- Sarah Cronin
Amy Wood stepped to the microphone at the Franklin Northeast Supervisory Union school board meeting last week and slammed officials' plans to require her kids to wear masks when they start school.
"We're here today to say, 'No more. We've had enough!'" the Richford resident said, wagging a finger toward board members. "We pay taxes. We pay salaries. You work for us, not the other way around!"
Board members lack the authority to impose a mask mandate absent a state of emergency, she claimed. The idea that school staff would enforce a policy she considered harmful to her children's social and emotional health made her "sick to my stomach."
The recent spike in COVID-19 infections, just as 79,000 Vermont K-12 students are preparing to go back to the classroom, has thrust local school boards and superintendents into the center of a polarizing public health debate over masks in schools.
Without a statewide mask mandate, local leaders have been scrambling to draft their own back-to-school safety protocols, with what they complain is limited time and scant guidance from state officials. Add in a healthy dose of public fear, pandemic fatigue and confusion, and school officials say they're facing some of the most challenging decisions in memory.
"In some communities, there is strong pushback on requiring masks in schools," said Sue Ceglowski, executive director of the Vermont School Boards Association, "to the point where ... it has become uncivil and intimidating to local school officials."
So far, Vermont has avoided some of the fierce, highly partisan battles playing out over the issue in places such as Texas, where the state's Republican governor issued a contested executive order banning mask mandates in schools.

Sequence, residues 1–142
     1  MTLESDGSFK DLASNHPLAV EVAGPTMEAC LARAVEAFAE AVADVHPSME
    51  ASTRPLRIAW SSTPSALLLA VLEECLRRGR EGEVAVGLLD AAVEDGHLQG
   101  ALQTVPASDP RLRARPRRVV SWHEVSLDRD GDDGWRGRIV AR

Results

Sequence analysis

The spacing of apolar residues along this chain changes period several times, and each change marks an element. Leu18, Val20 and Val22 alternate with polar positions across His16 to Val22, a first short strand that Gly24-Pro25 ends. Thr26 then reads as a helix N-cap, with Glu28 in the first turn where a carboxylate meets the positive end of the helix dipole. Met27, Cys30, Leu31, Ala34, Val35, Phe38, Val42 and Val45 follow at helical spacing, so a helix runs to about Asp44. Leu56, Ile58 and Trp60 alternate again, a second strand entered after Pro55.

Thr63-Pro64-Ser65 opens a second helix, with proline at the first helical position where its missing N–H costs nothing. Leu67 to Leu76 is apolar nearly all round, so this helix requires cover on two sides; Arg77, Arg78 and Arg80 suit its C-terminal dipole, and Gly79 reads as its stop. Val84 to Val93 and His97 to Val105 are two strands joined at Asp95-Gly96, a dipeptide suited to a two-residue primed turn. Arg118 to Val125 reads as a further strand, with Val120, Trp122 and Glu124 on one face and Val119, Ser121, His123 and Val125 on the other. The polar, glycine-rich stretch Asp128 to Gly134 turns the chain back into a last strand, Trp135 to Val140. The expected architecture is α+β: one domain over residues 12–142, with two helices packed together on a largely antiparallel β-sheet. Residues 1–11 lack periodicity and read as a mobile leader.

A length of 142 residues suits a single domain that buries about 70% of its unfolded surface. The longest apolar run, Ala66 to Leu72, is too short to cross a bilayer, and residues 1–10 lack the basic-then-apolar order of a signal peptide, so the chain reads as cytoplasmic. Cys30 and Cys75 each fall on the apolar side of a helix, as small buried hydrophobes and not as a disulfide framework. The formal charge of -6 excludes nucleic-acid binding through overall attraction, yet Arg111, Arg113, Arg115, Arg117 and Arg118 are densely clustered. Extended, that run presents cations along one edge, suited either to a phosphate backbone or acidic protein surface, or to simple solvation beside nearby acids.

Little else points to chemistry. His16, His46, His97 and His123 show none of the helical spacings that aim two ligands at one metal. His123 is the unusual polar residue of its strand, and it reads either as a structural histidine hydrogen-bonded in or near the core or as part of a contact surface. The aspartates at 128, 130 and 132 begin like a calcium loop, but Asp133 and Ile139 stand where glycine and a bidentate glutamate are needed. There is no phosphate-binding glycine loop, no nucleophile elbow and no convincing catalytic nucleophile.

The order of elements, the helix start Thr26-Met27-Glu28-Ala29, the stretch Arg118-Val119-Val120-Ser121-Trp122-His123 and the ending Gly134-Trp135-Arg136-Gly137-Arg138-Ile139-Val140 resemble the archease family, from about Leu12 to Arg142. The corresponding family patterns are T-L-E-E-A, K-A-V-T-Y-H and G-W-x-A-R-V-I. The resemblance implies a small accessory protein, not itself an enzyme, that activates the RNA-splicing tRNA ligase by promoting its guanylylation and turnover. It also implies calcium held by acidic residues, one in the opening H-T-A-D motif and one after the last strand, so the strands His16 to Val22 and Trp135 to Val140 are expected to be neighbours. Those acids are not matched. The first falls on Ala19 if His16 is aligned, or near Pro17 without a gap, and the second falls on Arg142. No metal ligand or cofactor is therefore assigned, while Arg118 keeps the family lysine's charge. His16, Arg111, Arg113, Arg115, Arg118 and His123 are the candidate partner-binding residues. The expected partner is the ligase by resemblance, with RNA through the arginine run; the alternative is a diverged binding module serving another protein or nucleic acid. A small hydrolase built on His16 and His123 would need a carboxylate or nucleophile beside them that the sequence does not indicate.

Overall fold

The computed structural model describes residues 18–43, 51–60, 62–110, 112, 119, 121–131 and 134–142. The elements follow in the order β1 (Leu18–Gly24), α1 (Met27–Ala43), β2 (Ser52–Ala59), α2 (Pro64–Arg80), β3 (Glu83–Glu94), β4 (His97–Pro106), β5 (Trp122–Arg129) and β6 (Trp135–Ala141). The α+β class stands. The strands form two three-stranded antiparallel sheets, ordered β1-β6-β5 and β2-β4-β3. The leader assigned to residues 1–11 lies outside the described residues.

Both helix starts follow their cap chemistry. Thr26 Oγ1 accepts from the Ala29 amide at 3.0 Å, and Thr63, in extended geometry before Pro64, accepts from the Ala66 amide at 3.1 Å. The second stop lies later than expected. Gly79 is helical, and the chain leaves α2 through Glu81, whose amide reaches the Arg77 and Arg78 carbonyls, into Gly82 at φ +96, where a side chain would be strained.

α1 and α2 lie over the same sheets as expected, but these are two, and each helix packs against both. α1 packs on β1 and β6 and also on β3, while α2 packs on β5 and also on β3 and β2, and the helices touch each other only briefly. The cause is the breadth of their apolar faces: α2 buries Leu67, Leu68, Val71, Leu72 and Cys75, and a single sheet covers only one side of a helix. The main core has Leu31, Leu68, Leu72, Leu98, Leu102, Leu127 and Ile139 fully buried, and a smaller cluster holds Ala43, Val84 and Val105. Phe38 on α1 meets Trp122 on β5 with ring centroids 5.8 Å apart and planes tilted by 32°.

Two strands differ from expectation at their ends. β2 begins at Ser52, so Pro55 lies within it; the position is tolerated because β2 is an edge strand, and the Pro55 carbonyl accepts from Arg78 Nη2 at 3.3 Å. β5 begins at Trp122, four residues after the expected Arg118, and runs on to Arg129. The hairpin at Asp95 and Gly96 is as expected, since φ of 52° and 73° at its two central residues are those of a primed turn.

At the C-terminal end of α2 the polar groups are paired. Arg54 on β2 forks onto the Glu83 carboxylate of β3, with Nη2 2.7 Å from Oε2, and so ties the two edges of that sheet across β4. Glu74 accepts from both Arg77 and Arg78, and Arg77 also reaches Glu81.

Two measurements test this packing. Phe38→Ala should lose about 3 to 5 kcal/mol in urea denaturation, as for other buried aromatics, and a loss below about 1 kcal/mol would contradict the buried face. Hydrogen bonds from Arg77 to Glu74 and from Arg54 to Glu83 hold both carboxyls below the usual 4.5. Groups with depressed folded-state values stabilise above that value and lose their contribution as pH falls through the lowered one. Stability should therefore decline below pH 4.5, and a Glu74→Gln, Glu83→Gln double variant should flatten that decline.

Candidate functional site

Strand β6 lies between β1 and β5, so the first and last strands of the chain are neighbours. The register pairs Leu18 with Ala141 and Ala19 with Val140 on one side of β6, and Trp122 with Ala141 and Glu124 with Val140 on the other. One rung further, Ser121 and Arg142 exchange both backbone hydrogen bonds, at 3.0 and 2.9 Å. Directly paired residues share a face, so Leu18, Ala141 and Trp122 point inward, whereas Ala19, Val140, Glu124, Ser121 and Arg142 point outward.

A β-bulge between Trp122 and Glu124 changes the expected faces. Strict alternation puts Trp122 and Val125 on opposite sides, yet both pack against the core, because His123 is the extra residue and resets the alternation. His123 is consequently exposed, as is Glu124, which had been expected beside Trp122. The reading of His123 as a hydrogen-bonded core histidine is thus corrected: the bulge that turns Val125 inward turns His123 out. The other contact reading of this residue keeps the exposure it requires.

Nevertheless, tensions are high.
At the Franklin Northeast meeting, one resident accused school board members of being "either cowards or ... ignorant." Board chair Mary Niles urged frustrated residents to be respectful, but several repeatedly disrupted the meeting, which included a presentation by a pediatrician, Dr. Rebecca Bell.
An exasperated Niles briefly suspended the meeting as maskless residents shouted questions at the masked board aimed at the legitimacy of Bell's testimony. "Why we are dismissing her level of expertise is beyond me," Niles said.
Marlene Hambleton, meanwhile, praised board members for endorsing superintendent Lynn Cota's plan to require all students, teachers and visitors to wear masks when school starts.
"I personally would not send my preschooler to school without there being a mask mandate for everybody," Hambleton said. "Thank you for doing what I consider to be the right thing."
After Hambleton spoke, others in the audience heckled her.
A similar erosion of public discourse has taken place across the state, including in Washington County, said Brigid Nease, superintendent of the Harwood Unified Union School District. She has received voicemails from people enraged by her decision to require masks for all students again this year, she said.